Collaboration has become a moving target for construction companies. From preconstruction, through handover, and every stop in between, the need to collaborate with key parts is essential. However, with the plethora of technology options available as ‘collaboration’ tools, finding the right solution might be a challenge.

Take, for example, the need to integrate construction information for the long-term care and maintenance of a facility. Facilities management is among the hottest topics in the market today, and a key objective for owners. Therefore the importance of generating and storing data that is useful throughout the lifecycle of a facility remains essential.

“The initial handover of information to owners is a major problem facing the industry today,” says Marty Chobot, vice president of product management and strategic alliances, FM:Systems, www.fmsystems.com, Raleigh, N.C. I’ve had customers tell me they get the handover package three-to-six months after the project is complete and, even if it’s digital documents, it can still take months or even years to wade through it to get the information they need.”

During that time period, adds Chobot, critical maintenance tasks can be missed–shortening the useful life of building equipment and voiding equipment warranties. In addition, the cost of reentering information on the facilities management side can be significant and there’s the opportunity cost to consider as well. According to Chobot, the question becomes: “What could the facilities management team be doing if they didn’t have to do the data entry?”;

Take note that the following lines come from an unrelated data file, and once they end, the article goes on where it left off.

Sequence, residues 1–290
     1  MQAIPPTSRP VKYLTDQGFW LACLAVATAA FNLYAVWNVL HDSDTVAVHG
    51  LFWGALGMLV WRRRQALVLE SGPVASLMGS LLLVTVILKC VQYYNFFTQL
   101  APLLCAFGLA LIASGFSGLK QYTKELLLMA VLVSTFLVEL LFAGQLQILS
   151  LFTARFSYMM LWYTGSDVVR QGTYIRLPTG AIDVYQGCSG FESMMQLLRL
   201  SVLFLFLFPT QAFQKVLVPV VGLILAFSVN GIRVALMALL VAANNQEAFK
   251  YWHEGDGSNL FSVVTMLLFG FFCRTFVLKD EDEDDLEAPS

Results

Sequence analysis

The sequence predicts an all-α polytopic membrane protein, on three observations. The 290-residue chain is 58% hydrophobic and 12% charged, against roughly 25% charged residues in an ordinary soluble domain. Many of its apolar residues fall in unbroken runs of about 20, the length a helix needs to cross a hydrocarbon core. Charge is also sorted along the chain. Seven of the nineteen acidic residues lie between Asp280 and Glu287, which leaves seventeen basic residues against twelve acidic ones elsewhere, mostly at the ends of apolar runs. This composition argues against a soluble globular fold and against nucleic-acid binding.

In addition, project teams have invested heavily in technologies that enable BIM (building information modeling). With such tools, they are expecting a seamless flow of information to be the key enabler to this process.

A company like FM:Systems is providing a cloud-based platform for sharing information, i.e., collaboration. “The Web makes it possible for AEC (architecture, engineering, construction) project team members and the owner to all work on information for the building,” adds Chobot. “The people that know how to use BIM tools can now share data and documents with a much wider range of people. And that information can be synchronized back into the model if needed.”

As the market continues to evolve, and the word ‘collaboration’ takes on new meaning, expect technology to change with the times. Whether it is for facilities management or modeling and data-sharing capabilities throughout construction, technology remains a key enabler to collaboration—however you may define it these days.